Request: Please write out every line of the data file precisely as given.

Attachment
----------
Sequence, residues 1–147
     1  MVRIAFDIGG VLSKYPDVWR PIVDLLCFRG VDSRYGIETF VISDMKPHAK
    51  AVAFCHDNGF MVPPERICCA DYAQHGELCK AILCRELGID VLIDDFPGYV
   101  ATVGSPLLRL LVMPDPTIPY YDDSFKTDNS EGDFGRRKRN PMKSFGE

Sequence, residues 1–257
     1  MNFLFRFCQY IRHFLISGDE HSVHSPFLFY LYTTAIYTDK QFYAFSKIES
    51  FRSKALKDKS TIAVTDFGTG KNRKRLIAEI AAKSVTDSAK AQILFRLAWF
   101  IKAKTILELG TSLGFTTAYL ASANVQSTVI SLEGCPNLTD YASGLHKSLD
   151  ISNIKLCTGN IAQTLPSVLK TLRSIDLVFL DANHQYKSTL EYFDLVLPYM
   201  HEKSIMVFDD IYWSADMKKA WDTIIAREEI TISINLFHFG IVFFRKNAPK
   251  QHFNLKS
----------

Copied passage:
Sequence, residues 1–147
     1  MVRIAFDIGG VLSKYPDVWR PIVDLLCFRG VDSRYGIETF VISDMKPHAK
    51  AVAFCHDNGF MVPPERICCA DYAQHGELCK AILCRELGID VLIDDFPGYV
   101  ATVGSPLLRL LVMPDPTIPY YDDSFKTDNS EGDFGRRKRN PMKSFGE

Sequence, residues 1–257
     1  MNFLFRFCQY IRHFLISGDE HSVHSPFLFY LYTTAIYTDK QFYAFSKIES
    51  FRSKALKDKS TIAVTDFGTG KNRKRLIAEI AAKSVTDSAK AQILFRLAWF
   101  IKAKTILELG TSLGFTTAYL ASANVQSTVI SLEGCPNLTD YASGLHKSLD
   151  ISNIKLCTGN IAQTLPSVLK TLRSIDLVFL DANHQYKSTL EYFDLVLPYM
   201  HEKSIMVFDD IYWSADMKKA WDTIIAREEI TISINLFHFG IVFFRKNAPK
   251  QHFNLKS